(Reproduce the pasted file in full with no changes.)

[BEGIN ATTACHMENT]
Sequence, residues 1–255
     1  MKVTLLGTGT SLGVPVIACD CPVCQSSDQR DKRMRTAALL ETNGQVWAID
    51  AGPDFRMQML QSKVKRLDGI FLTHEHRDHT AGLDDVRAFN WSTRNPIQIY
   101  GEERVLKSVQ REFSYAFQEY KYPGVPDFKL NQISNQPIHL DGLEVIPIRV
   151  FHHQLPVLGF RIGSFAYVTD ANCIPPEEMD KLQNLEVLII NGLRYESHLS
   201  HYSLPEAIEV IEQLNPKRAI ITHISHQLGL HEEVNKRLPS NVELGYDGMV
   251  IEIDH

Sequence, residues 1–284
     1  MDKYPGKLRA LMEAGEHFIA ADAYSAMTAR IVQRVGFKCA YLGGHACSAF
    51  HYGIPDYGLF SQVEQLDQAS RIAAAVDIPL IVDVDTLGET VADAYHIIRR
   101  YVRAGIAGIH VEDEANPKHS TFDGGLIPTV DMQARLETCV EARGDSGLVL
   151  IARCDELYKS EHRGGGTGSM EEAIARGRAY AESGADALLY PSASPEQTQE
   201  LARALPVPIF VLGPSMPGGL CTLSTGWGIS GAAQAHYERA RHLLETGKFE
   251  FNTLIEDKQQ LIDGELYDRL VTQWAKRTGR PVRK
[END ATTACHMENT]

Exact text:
Sequence, residues 1–255
     1  MKVTLLGTGT SLGVPVIACD CPVCQSSDQR DKRMRTAALL ETNGQVWAID
    51  AGPDFRMQML QSKVKRLDGI FLTHEHRDHT AGLDDVRAFN WSTRNPIQIY
   101  GEERVLKSVQ REFSYAFQEY KYPGVPDFKL NQISNQPIHL DGLEVIPIRV
   151  FHHQLPVLGF RIGSFAYVTD ANCIPPEEMD KLQNLEVLII NGLRYESHLS
   201  HYSLPEAIEV IEQLNPKRAI ITHISHQLGL HEEVNKRLPS NVELGYDGMV
   251  IEIDH

Sequence, residues 1–284
     1  MDKYPGKLRA LMEAGEHFIA ADAYSAMTAR IVQRVGFKCA YLGGHACSAF
    51  HYGIPDYGLF SQVEQLDQAS RIAAAVDIPL IVDVDTLGET VADAYHIIRR
   101  YVRAGIAGIH VEDEANPKHS TFDGGLIPTV DMQARLETCV EARGDSGLVL
   151  IARCDELYKS EHRGGGTGSM EEAIARGRAY AESGADALLY PSASPEQTQE
   201  LARALPVPIF VLGPSMPGGL CTLSTGWGIS GAAQAHYERA RHLLETGKFE
   251  FNTLIEDKQQ LIDGELYDRL VTQWAKRTGR PVRK